Review by Woodrow Phoenix
Where’s My Baby Now? is not a collection of short pieces like the other ClaireBretécher books published by Methuen/Mandarin, but a single continuous story. Bretécher may be unique among the cartoonists who were working for popular newspapers and magazines in the 1970s to the 1990s in the way she kept control of everything she created. She self-published all her book collections and licensed the translations, while also producing a number of graphic novels featuring different original work, and doing all this as she continued producing her ‘Les Frustrés’ (Frustration) strips every week. Bretécher’s graphic novels including ‘Le Cordon Infernal’, ‘La Vie Passionnée de Thérèse d’Avila’, ‘Les Mères’, ‘Le Destin de Monique’, ‘Docteur Ventouse, Bobologue’ and ‘Tourista’ feature more sexual content than she was typically able to show in her weekly strips, which may be one reason why most of them remain untranslated in English. Le Destin de Monique is the only one of her complete graphic novels to be published in the UK, albeit with the title radically changed in translation.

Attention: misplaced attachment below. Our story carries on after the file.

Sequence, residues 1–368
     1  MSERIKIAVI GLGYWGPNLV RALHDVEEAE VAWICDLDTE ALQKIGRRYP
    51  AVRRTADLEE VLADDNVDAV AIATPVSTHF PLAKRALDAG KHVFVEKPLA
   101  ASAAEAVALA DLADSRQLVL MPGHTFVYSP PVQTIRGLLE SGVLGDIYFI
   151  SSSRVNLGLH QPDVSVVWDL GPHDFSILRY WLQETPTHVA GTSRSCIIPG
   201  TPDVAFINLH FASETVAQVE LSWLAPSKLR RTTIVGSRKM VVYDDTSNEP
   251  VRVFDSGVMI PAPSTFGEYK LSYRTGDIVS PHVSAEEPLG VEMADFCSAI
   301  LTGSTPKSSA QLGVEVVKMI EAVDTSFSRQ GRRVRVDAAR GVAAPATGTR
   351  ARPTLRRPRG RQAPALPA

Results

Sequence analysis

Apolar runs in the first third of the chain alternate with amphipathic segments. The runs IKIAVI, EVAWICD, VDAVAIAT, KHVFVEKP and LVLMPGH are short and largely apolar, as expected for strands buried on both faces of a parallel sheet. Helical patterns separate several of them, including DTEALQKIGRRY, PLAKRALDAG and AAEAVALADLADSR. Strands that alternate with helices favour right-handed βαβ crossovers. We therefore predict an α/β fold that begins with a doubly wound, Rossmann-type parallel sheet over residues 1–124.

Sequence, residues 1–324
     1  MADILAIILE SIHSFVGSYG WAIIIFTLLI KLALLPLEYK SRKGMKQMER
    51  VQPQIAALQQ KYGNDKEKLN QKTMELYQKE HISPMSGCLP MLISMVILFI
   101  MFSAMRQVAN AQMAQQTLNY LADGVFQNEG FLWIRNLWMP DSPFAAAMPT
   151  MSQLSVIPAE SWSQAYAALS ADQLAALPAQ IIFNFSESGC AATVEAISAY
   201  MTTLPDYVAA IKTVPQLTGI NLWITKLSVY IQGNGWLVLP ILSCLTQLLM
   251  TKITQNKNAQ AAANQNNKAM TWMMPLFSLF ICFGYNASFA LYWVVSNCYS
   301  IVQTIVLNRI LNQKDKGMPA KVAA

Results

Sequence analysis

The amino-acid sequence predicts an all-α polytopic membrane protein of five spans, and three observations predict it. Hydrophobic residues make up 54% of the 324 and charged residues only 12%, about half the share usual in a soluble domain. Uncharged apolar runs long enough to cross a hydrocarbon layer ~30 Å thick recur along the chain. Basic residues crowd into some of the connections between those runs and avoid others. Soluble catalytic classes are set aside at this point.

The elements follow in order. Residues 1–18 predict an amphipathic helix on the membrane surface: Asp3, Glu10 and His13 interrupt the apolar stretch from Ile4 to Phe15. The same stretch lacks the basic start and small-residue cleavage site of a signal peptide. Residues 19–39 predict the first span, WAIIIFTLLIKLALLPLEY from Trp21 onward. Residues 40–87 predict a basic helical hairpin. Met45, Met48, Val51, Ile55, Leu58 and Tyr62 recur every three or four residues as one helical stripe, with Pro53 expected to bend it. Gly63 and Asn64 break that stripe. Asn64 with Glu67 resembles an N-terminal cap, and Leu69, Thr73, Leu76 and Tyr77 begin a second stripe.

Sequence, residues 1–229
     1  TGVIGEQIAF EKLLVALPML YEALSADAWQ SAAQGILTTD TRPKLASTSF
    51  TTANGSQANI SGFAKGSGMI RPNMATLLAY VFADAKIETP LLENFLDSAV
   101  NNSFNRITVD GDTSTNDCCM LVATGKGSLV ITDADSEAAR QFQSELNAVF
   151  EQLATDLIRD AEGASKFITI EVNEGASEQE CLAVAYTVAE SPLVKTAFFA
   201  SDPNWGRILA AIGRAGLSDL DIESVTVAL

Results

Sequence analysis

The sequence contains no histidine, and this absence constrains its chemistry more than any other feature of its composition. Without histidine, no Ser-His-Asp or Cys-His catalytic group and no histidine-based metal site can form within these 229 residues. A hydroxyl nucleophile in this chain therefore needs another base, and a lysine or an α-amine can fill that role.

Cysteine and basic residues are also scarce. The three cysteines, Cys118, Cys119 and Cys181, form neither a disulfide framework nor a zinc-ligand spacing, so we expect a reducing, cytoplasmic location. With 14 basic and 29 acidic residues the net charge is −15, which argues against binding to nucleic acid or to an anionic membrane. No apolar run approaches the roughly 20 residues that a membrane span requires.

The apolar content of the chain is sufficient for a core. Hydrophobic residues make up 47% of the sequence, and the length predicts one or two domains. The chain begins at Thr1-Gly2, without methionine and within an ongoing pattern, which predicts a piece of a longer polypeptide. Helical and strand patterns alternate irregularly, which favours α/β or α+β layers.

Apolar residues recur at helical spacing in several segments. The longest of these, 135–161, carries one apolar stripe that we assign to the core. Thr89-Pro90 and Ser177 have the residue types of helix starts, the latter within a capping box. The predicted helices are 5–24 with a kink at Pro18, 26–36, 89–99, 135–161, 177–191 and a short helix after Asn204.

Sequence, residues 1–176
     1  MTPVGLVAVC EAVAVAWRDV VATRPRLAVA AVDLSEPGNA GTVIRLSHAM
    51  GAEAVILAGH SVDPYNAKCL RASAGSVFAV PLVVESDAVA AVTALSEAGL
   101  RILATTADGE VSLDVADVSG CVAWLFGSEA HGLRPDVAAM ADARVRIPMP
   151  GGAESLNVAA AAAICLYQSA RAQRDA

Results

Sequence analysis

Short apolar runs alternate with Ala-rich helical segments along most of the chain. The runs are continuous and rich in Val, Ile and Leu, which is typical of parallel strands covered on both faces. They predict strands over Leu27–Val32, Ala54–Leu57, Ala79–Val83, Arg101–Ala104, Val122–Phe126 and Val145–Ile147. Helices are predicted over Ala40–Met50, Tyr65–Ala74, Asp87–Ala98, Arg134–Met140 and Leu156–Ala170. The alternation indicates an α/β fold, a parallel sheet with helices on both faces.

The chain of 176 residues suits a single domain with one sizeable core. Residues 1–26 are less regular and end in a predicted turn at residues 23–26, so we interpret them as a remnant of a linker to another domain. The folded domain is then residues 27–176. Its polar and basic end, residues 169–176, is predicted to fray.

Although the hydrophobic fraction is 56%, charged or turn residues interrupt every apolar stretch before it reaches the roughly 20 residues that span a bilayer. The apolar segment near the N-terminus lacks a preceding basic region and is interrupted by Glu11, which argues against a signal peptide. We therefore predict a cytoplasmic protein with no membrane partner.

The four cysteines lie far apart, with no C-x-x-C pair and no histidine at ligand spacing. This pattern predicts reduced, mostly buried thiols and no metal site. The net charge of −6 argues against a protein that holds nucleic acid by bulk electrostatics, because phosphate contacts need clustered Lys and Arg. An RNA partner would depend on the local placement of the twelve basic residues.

Where’s My Baby Now? picks up on some of the ideas in the collection Mothers around childbirth and inferility, turning them into a fully fleshed out narrative about artificial insemination and pregnancy surrogates. These had become a hot political and moral issue during the late 1970s and early 1980s after the first French ‘test tube baby’. Rachel Smythe is a famous and successful film actress whose body clock begins ringing, but her filming schedule leaves no room in it for a baby. In order to have the career she wants and the baby she craves, she hits on the idea of getting her Spanish cleaning lady Gigina to carry the embryo to term for her instead. The string of disasters that follow from this scheme include lots of farcical jabs at the medical fraternity’s attitudes to childbirth and organised religion, abortion, the moral and technical implications of genetic engineering, bestiality, and the limits of the law, all delivered with Bretécher’s customary scribbly precision. There’s even a happy ending. Or nearly a happy ending. Where’s My Baby Now? was ahead of its time and still has a lot of relevant ideas running through it now. If you have enjoyed her shorter pieces you will definitely appreciate what Bretécher can do with the space to take an idea and run with it. This book is out of print, but copies are easy to find online.